Because the feedback was several steps away, I fear that some students most in need of it never got it.Some of the same concerns applied to my use of Blackboard.My first foray toward digital grading was to receive electronic copies of student work and then use the "Review" functions in Microsoft Word to correct and comment on them before returning the "marked-up" electronic copies to the students, often using Word's "track changes" feature.
By 2010, its data centers were running over 34,000 searches per second, making it arguably the nexus of this extraordinary historical moment in which we find ourselves.
From my point of view, one of the great things about Google (and I'm not a stockholder) is that many of its services are both free and powerful.
All of these services are available via any Internet connection.
While I began my experiments somewhat wary of a "cloud" system, my experience has been that the downtime — periods when I could not access the Internet and do my work — is minimal.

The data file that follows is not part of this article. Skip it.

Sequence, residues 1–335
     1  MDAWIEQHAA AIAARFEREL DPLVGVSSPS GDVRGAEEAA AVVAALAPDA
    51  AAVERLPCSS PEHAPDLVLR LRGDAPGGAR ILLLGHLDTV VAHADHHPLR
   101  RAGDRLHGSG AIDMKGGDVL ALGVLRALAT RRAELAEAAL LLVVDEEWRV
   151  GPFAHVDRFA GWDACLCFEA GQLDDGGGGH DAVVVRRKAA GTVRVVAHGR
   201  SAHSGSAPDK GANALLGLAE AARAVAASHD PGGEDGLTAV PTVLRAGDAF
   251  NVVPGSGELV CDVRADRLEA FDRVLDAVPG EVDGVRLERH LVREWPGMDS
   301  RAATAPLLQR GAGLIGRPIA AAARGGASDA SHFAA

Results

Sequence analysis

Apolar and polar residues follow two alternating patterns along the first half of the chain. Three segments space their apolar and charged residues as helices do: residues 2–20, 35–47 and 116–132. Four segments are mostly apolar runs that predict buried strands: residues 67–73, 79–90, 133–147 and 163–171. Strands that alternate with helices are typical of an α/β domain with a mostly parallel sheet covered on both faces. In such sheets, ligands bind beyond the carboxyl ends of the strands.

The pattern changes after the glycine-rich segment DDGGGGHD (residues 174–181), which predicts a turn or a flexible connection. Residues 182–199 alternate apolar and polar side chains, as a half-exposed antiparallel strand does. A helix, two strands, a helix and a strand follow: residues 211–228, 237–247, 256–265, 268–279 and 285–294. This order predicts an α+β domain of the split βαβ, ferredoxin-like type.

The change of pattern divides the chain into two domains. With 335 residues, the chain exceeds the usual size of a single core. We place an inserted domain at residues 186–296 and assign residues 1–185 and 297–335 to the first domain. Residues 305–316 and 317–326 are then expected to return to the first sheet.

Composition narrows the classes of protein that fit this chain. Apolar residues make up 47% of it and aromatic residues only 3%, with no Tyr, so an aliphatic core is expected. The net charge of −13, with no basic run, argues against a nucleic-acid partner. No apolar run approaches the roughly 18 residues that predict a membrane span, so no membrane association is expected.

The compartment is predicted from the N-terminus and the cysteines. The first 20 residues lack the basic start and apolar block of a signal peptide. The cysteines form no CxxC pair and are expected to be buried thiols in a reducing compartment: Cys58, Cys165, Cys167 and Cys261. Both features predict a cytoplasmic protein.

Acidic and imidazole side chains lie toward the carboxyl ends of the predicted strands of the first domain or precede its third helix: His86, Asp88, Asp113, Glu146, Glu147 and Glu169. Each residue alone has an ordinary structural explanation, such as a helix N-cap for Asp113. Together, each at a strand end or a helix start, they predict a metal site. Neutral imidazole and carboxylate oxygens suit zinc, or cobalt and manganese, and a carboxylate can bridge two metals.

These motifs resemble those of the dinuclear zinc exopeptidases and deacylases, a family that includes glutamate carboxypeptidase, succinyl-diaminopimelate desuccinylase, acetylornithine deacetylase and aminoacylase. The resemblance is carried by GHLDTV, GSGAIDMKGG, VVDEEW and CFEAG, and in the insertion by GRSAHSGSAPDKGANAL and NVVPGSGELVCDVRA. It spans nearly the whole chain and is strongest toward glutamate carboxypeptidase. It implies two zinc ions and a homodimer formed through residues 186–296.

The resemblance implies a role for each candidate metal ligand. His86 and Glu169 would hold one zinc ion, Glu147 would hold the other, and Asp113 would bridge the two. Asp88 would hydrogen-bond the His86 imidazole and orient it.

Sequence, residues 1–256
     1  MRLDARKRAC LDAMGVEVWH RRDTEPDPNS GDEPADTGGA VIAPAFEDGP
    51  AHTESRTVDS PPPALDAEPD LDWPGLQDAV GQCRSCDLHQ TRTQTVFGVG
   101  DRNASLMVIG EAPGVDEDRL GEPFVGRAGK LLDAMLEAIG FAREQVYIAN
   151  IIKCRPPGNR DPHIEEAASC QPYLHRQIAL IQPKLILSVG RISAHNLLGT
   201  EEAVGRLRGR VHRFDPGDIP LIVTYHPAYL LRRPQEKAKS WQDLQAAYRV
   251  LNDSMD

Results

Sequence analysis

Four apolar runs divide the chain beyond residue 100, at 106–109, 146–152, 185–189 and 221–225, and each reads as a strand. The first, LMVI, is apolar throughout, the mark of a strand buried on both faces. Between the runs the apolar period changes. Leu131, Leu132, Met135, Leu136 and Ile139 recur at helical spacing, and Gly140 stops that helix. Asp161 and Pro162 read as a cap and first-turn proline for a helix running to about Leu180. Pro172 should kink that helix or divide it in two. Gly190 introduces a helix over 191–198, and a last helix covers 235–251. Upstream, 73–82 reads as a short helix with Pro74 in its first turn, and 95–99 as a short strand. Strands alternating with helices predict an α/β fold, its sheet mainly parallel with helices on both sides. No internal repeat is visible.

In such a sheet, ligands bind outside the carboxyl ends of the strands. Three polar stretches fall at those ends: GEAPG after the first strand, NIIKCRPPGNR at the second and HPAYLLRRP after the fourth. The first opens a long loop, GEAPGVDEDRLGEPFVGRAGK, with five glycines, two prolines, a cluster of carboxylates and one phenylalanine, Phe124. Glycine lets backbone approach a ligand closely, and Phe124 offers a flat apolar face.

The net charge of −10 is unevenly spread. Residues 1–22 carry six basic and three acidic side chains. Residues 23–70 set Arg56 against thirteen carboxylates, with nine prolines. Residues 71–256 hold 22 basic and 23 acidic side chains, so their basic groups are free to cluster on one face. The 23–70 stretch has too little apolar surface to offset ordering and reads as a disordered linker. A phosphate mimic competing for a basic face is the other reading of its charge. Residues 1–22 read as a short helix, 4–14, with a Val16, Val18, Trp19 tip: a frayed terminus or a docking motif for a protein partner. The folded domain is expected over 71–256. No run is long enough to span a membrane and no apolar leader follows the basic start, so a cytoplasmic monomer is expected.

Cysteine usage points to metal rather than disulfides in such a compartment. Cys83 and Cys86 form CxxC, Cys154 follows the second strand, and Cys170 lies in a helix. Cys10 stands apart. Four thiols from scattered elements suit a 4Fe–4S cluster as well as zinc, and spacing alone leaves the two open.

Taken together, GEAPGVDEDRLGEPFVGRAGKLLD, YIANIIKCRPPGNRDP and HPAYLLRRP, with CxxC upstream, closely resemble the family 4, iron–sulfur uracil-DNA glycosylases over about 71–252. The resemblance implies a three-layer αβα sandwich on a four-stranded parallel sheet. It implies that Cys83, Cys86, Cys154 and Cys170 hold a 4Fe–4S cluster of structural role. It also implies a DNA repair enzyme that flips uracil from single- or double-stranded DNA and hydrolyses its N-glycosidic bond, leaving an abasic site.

Unhappily, my experience showed little difference because a surprisingly large number of my students, regardless of their socioeconomic backgrounds, were hardly adept at using this particular technology.
All were familiar with the basic uses of Word, but a much smaller number were comfortable with the extended functions of Review.
I first fell in love with GMail for its message threading, which allows a simple, sensible view of my electronic communications with students, and for the speed and thoroughness of its search functions.
These features, however, are quickly becoming ubiquitous in e-mail programs.
One of my biggest worries going into my "grading-with-Word" experiment was that it might inadvertently make coursework more difficult for my students who came from low-income and/or urban backgrounds and thus might not be as familiar with the technology.
Happily, my experience agreed with recent studies showing that differences in digital literacy are not strongly tied to socioeconomics.